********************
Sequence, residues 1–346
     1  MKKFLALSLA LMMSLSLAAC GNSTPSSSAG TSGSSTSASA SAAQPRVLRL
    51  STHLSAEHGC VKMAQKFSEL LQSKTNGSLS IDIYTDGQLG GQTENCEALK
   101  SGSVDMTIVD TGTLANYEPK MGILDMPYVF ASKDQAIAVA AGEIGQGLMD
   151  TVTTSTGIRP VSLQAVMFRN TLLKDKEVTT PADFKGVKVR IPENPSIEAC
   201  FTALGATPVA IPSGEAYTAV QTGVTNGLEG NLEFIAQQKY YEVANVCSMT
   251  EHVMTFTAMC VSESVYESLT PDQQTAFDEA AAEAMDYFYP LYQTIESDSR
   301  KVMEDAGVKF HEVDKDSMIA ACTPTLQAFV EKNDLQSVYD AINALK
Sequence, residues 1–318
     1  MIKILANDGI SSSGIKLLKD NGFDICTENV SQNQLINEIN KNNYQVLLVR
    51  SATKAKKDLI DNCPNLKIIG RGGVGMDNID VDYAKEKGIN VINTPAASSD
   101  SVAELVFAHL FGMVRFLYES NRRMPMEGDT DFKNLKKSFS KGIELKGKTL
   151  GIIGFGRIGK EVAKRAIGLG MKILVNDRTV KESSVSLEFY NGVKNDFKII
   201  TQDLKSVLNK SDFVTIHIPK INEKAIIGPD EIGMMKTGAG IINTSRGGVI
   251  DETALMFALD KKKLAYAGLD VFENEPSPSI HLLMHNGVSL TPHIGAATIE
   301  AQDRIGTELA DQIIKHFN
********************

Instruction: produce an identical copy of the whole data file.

Sequence, residues 1–346
     1  MKKFLALSLA LMMSLSLAAC GNSTPSSSAG TSGSSTSASA SAAQPRVLRL
    51  STHLSAEHGC VKMAQKFSEL LQSKTNGSLS IDIYTDGQLG GQTENCEALK
   101  SGSVDMTIVD TGTLANYEPK MGILDMPYVF ASKDQAIAVA AGEIGQGLMD
   151  TVTTSTGIRP VSLQAVMFRN TLLKDKEVTT PADFKGVKVR IPENPSIEAC
   201  FTALGATPVA IPSGEAYTAV QTGVTNGLEG NLEFIAQQKY YEVANVCSMT
   251  EHVMTFTAMC VSESVYESLT PDQQTAFDEA AAEAMDYFYP LYQTIESDSR
   301  KVMEDAGVKF HEVDKDSMIA ACTPTLQAFV EKNDLQSVYD AINALK
Sequence, residues 1–318
     1  MIKILANDGI SSSGIKLLKD NGFDICTENV SQNQLINEIN KNNYQVLLVR
    51  SATKAKKDLI DNCPNLKIIG RGGVGMDNID VDYAKEKGIN VINTPAASSD
   101  SVAELVFAHL FGMVRFLYES NRRMPMEGDT DFKNLKKSFS KGIELKGKTL
   151  GIIGFGRIGK EVAKRAIGLG MKILVNDRTV KESSVSLEFY NGVKNDFKII
   201  TQDLKSVLNK SDFVTIHIPK INEKAIIGPD EIGMMKTGAG IINTSRGGVI
   251  DETALMFALD KKKLAYAGLD VFENEPSPSI HLLMHNGVSL TPHIGAATIE
   301  AQDRIGTELA DQIIKHFN